How to Get Into Model and Fashion Photography - Digital Photography School

How to Get Into Model and Fashion Photography

Written by portrait photographer Nicholas Moegly.

model-fashion-photography-1.jpg

This article will cover some of the resources and simple steps that will help you get into modeling and fashion photography. Like most types of photography, it’s all about creating your network and niche.

Step 1: You Have to Start Somewhere

Lets be honest, no model or agency is going to hire you if you don’t have any modeling or fashion pieces in your portfolio. You have to start somewhere, so find some friends who are up for modeling for you and hone your skills practicing with them. When you’re just starting you’ll most likely do a lot of shoots for free, but focus on getting in as much good work as possible and it will pay off down the road. If your friends are happy with your photos, they’ll most likely show their friends and as well as put them on Facebook and other social sites, which will only help in getting you exposure.

model-fashion-photography-2.jpg

Step 2: Start Working with Real Models

After working with several friends, you should at least have a handful of shots that you’re happy with, now it’s time to move onto working with some real models and designers.

One way is to join Model Mayhem. Model Mayhem is a social networking site for models, photographers, make up artists, fashion designers, and agencies. Every user has a profile of their work, and you can easily search for models and designers in your area. Create a profile and post only your best photos. Models, agencies, and publications will post casting calls that you can respond to, and you can even create your own casting calls to look for people in your area.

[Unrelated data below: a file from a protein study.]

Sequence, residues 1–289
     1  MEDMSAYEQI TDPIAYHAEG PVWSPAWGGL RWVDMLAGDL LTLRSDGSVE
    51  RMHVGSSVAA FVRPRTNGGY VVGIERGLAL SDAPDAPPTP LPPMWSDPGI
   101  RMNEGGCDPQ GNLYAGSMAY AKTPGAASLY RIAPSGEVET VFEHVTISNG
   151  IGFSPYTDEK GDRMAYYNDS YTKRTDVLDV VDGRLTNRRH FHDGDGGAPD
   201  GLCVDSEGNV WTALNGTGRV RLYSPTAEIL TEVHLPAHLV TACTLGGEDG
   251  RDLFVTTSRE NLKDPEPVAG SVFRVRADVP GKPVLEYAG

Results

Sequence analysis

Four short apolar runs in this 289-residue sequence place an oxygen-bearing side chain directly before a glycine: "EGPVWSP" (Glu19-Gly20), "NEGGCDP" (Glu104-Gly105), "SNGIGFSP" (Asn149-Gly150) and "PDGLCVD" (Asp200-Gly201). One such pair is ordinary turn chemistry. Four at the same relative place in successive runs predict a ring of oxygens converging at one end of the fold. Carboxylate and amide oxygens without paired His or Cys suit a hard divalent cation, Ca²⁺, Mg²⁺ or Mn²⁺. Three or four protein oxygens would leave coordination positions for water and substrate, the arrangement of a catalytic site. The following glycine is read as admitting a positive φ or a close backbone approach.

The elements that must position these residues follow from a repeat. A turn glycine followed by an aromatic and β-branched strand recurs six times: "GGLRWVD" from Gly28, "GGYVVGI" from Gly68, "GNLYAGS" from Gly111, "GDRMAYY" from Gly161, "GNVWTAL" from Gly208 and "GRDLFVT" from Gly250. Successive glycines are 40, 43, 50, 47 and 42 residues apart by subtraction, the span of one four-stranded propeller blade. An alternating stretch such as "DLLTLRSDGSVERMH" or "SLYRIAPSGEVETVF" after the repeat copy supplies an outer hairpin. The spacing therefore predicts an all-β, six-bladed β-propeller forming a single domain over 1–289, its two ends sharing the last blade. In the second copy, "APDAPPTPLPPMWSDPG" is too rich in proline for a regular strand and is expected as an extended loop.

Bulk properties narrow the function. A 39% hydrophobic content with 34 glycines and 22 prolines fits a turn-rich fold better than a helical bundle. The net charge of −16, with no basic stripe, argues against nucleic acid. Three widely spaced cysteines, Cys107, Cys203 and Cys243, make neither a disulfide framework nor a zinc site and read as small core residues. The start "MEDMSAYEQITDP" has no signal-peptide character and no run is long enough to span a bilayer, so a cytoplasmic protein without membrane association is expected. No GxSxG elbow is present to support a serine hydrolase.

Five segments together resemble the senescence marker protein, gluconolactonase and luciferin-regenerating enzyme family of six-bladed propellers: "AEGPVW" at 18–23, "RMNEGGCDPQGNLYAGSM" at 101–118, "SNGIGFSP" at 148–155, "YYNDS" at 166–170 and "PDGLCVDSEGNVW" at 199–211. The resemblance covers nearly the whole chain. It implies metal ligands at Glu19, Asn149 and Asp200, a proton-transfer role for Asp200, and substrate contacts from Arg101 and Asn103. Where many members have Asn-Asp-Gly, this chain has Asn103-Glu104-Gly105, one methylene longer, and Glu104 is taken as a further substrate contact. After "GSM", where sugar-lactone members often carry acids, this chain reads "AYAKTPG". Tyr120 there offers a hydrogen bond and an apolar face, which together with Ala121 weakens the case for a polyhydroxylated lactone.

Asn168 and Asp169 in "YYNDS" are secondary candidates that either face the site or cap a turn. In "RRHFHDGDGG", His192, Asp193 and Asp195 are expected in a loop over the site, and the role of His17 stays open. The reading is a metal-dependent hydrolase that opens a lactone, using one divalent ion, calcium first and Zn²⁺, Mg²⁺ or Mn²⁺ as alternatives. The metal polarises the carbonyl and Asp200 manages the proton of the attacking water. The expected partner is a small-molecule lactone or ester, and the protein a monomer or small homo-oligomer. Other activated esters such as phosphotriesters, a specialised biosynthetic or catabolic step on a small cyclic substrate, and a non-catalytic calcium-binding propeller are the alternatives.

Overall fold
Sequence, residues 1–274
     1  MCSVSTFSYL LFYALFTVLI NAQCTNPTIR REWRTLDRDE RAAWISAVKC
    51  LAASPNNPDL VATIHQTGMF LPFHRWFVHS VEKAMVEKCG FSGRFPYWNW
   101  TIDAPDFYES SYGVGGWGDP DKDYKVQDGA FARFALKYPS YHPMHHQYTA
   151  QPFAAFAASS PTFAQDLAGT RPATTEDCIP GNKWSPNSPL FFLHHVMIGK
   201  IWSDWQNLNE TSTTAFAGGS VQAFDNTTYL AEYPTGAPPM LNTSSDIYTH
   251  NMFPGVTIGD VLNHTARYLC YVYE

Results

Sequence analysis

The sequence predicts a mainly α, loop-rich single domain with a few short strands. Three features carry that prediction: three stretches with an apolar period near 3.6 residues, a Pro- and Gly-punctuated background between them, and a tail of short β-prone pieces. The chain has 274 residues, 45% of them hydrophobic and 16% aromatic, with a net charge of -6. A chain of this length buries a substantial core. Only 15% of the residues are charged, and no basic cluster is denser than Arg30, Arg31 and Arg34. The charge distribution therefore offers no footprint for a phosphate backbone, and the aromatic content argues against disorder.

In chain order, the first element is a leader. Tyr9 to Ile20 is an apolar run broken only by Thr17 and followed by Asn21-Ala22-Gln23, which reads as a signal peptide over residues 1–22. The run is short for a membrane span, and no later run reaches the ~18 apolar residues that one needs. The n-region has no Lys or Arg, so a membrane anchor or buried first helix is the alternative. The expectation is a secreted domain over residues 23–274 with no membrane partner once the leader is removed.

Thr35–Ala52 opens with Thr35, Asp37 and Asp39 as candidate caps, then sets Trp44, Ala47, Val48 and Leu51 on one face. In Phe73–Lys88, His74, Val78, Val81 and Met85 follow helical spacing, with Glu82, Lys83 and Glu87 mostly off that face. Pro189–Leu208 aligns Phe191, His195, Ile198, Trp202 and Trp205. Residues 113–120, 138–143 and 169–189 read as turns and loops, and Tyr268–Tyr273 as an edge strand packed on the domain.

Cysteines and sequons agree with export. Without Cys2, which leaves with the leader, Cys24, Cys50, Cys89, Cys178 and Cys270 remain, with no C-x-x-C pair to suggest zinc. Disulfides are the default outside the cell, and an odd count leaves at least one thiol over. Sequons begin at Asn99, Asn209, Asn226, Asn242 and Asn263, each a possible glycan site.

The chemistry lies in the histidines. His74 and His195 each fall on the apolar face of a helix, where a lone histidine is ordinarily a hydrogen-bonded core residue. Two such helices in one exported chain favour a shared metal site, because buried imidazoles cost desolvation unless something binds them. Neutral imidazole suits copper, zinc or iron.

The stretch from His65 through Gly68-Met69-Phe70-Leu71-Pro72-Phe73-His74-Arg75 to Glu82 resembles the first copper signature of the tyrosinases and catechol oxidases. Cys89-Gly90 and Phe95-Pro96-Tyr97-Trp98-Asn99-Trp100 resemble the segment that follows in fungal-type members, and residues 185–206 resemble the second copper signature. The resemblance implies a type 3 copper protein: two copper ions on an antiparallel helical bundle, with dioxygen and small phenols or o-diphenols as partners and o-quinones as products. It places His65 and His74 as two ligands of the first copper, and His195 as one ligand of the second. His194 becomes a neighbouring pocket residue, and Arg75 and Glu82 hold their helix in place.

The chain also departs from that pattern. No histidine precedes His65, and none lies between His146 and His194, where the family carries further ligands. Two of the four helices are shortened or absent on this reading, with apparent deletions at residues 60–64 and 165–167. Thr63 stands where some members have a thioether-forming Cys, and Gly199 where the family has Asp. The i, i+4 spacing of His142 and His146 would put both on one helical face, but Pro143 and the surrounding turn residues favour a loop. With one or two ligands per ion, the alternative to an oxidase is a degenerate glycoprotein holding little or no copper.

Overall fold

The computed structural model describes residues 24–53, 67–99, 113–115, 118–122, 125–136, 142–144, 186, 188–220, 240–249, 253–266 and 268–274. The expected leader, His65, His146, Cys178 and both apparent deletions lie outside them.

There are many different skill levels on the site, so if you’re still learning you can team up with others that are new to the industry as well. What and if you charge for shoots will all depend on your skill level and portfolio. Some models will charge you to photograph them, some photographers will charge models and designers for a shoot, and some will do a trade so that you can help each other better your portfolios. Find models in your area you’d like to work with and most likely they’ll find you as well. Use this site to build a network of people and relationships, because gaining attention from other models, designers, and agencies is exactly what you want.

Another way to find more serious work is by reaching out to local privately owned clothing and apparel stores. Many of these smaller stores will either have custom clothing or carry merchandise from smaller suppliers and may not have promotional photography or photos of their merchandise. This is a good way to get into the fashion side of photography because clothing companies want to see that you can make their merchandise look great. It doesn’t matter how small the company or store you start shooting for is, it’s all about the shots you get from it that you can take to the next store or company.

model-fashion-photography-3.jpg

Step 3: Make it Easy to Find Yourself

Once you have an impressive portfolio and have worked with several models and designers you’ll find that people will start coming to you. Just like anything else in this world, when someone sees that their friend has something nice, they will want it too. When the people you’ve worked with post your photos on their social sites and catalogs, their friends and acquaintances in the industry may want to work with you too. Make sure those people that want to work with you can find you easily by having an online portfolio, facebook, twitter etc…

model-fashion-photography-4.jpg

Step 4: Don’t Stop Now

Now you have a great portfolio, models and designers that want to work with you, and a social network of people in the industry. From here you can decided whether to work freelance or submit your portfolio to agencies, publications, designers, studios etc… No matter what you decided, always keep shooting. A stagnant portfolio isn’t appealing to anyone, so keep adding and growing yours while you grow your network as well.